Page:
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October 14, 1921 - Image 4

Resource type:
Text
Publication:
The Michigan Daily, 1921-10-14

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THE MICHIGAN

DAILY

)AY,

THE MICHIGAN DAILY

Gourdin Wins Championship island. He led a field of seven com-
New York, Oct. 13-Ned Gourdin of petetors with a score of 12 points.
Harvard university, world champion
running broad jumper, won the nation- Being a customer is the onlysquali-
fication necessary for you to see the
al pentathlon championship of the Wisconsin game at our expense. Ar-

amateur athletic union at Travers

cade Barber Shop.-Adv.

I

MARIE SCHANZ
COSTUME DESIGNER

Evening Gowns

a Specialty

REPAIRING AND REMODELING

306 S. State St. (2nd floor)

Phone 1090-J

Get

College Exchanges
Iowa,-Two men, university seniors
of the fat cigar and general "good
fellow, type met on a corner at one
p. m. Follows a genial handshake
accompanied by a slap on the back
and the casual mention of a malted
milk.
A third man is met on the corner at
1:15. Earnest conversation in sub-
dued voices takes place at the soda
fountain and a few notes result. The
spokesman steps into a telephone
booth and calls three or four num-
bers. After a tense moment the re-
ceiver is hung up andmhis report
brings satisfaction with the last sups
of the malted milks.
The three men climb the steps of
the Old Capitol at 2:10. The regis-1
trar receives a visit and one of the
men consults with Dean Reinow a
moment. Result-further satisfac-
tion.
A sorority woman is found at the
door to liberal arts. and smillingly
falls in with the idea. A typewriter
is found in the office. A few lines
written at the top of each of half-
dozen sheets of paper at 3:25. Whisp-
ered confidentials pass from the three
men to important men and popular
women.
The senior class president has been
chosen.
-Daily Iowan.
engineering News
More heirlooms of the 'old school'
passed away when the three home-
brew photometer bars, used in the
electrical lab for measuring the
candle power of lamps, gave way to
three new precision instruments.
Aboutthe old photometers-thd late
Prof. Henry Carhart of the one time
department of Physics and electricity
built them, and it is said that his list
of materials was short on everything
except indominable spirit. They were
kept in a windowless room decorated
in plain dull black, so what did their
looks matter anyhow? "Professor Car-
hart had to have them, so ,he went
ahead and built them.
"'Hank' Carhart was a pretty solid
citizen," commented Prof. John C.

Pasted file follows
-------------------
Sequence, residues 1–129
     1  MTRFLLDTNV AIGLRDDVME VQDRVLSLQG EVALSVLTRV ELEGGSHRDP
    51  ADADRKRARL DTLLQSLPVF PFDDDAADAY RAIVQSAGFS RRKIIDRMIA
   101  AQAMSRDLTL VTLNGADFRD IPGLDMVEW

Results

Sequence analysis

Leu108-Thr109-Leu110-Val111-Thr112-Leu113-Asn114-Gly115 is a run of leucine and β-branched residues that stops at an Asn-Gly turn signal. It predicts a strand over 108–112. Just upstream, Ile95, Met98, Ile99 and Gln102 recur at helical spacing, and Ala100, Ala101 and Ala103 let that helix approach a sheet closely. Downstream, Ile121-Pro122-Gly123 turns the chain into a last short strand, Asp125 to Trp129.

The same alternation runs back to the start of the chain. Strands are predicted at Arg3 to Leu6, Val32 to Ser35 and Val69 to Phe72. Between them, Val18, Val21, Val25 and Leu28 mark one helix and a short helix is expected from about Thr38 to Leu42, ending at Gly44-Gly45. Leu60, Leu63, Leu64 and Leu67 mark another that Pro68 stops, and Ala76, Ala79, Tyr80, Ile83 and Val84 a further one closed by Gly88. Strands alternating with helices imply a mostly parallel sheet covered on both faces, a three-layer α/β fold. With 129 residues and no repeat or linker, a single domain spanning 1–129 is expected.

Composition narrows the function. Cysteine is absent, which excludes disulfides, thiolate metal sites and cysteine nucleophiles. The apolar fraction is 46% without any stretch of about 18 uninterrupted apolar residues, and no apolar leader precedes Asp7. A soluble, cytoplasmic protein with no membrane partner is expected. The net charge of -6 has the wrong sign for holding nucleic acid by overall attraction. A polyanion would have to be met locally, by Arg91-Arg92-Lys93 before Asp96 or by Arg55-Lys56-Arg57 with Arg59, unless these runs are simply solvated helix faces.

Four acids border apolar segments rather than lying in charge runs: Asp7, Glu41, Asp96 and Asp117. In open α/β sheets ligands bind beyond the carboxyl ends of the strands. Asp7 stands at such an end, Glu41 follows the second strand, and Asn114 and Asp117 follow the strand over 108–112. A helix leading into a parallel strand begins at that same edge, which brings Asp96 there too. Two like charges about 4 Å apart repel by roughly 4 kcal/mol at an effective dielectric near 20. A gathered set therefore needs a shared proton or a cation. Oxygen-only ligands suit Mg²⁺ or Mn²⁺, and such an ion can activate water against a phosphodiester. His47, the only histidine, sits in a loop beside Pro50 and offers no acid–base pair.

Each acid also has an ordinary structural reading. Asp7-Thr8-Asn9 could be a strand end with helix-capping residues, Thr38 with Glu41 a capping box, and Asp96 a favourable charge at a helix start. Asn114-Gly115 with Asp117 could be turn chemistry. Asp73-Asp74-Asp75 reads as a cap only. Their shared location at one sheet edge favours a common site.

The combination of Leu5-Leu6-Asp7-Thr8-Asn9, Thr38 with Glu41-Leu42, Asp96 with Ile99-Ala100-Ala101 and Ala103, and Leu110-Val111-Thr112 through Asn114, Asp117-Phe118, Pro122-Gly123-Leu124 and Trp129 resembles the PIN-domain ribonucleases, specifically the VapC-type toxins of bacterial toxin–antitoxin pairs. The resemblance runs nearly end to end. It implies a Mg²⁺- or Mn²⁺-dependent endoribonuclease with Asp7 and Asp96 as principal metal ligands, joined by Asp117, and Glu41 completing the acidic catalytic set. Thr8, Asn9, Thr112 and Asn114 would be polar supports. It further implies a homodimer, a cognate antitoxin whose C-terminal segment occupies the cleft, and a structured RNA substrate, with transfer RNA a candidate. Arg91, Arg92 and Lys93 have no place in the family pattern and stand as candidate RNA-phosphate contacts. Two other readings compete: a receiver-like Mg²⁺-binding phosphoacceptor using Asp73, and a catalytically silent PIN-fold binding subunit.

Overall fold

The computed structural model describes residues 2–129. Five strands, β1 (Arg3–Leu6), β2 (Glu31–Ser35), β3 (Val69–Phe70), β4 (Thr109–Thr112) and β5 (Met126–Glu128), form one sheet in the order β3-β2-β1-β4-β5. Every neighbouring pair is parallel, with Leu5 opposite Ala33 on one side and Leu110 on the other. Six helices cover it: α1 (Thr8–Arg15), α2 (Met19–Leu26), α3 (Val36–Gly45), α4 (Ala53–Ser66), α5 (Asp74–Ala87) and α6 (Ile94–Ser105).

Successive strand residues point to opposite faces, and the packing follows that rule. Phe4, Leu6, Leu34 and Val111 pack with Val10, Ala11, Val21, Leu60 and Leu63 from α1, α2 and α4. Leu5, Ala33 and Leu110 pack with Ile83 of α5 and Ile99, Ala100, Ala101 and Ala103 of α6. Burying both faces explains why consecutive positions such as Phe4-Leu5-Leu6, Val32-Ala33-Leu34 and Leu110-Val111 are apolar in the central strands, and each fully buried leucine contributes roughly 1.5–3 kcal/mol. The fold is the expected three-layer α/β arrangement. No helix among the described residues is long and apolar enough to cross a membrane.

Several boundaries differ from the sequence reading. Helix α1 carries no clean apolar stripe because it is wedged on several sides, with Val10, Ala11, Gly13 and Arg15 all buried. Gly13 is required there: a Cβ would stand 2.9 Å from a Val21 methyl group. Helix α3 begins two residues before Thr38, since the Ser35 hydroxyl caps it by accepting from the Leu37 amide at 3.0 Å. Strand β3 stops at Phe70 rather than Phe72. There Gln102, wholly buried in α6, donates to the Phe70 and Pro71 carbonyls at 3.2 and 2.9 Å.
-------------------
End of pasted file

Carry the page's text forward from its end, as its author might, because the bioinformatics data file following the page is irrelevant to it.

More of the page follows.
Parker.
The new instruments, however, have
their story, too. It is meant to be
kept a "dark Secret" who manufactur-
ed them. They are of a type which
costs about $600 apiece when bought
that way. But some applied engineer-
ing in connection with securing them
has saved the University a lot of
money. Perhaps this mystery, casting
its shadow over the dark room, will
in a way make up for the loss of the
human element connected with the old
instruments.
All popular makes of typewriters
for sale or rent. Room 2. 2nd floor.
711 N. University Ave.-Adv.

This Saving

Party Leaders Estimate
Recognize It Today
morrow

Senate Will
or To-

RATIFICATION OF-
TREATY EXPECTED

SAFE MARGIN OVER NECESSARY
NUMBER OF VOTES, IS CLAD
Washington, Oct. 13-The German
peace treaty will be recognizedby the-
Senate tomorrow or not later than
Saturday, according to estimate today
of both republican and democratic-
leaders after a canvass of the situa-
tion.
A safe margin above the necessary
two thirds majority for ratification-
was claimed by the treaties advocates.
Fourteen democratic votes, it was said,
would be cast for ratification with a-
loss to the republican side of only-
three or four against ratification..
Senator Lodge of Massachusetts, Re-
publican leader, discussed the hand-
ling of the treaty with Senator Under--
wood of Alabama, Democratic floor
leader, and later announced that the
treaty would, be given exclusive right
of way beginning not later than to-
morrow, when the unanimous consent
agreement made sone time ago,.
limiting each Senator's time to one
hour, will become effective.
Comparatively few senators, it was
said, were planning to make addresses.
Little time subsequently, it was said,
would be required to act on the Aus-
trian and Hungarian treaties, with im-
mediate vote after disposal of the
German treaty a possibility.
Senator Walsh, Democrat, Montana,.
spoke at length today against ratifi-
cation. He declared the treaty "use-
less as well as vicious" and argued
that it reserved privileges without as-
suming legal obligations, but entailed
moral duties unescapable. The prin-
ciple objection, he said, was that it
provided for disarmament of Germany
without pledging the United States to,
E protect Germany against aggression as
other nations were pledged in the
Versailles treaty.
Another development in the situa-
tion today was circulation about the
Senate of a report that prominent
Democrats out of public life were ap-
pealing to Democratic senators "to
stand by" the"Versailles treaty.
Church Holds Get-together
St. Thomas aid society, charity or-
* ganization of St. Thomas church, will
hold a dancing and card party from
1 8:30 to 11:30 o'clock this evening
at the church hall on Elizabeth
street. Fisher's orchestra will furnish
the music for dancing and tables will
. be provided for those preferring to
play cards.

Kuppenheimer
GOOD CLOTHES
You know the Kup-
penheimer reputation
for quality. It has been
an American tradition
for three generations.

I

This season you can
get standard KuP-
penheimer quality at
prices one-third lower
than last year.

V

Suits and overcoats at $45 to $50 this fall represent
the quality which sold a year ago for $65 to $75
ea invemment in good appearance
N. F. ALLEN CO.
211 SOUTH MAIN STREET
-the house of Kuppenheimer clothes

N F

I

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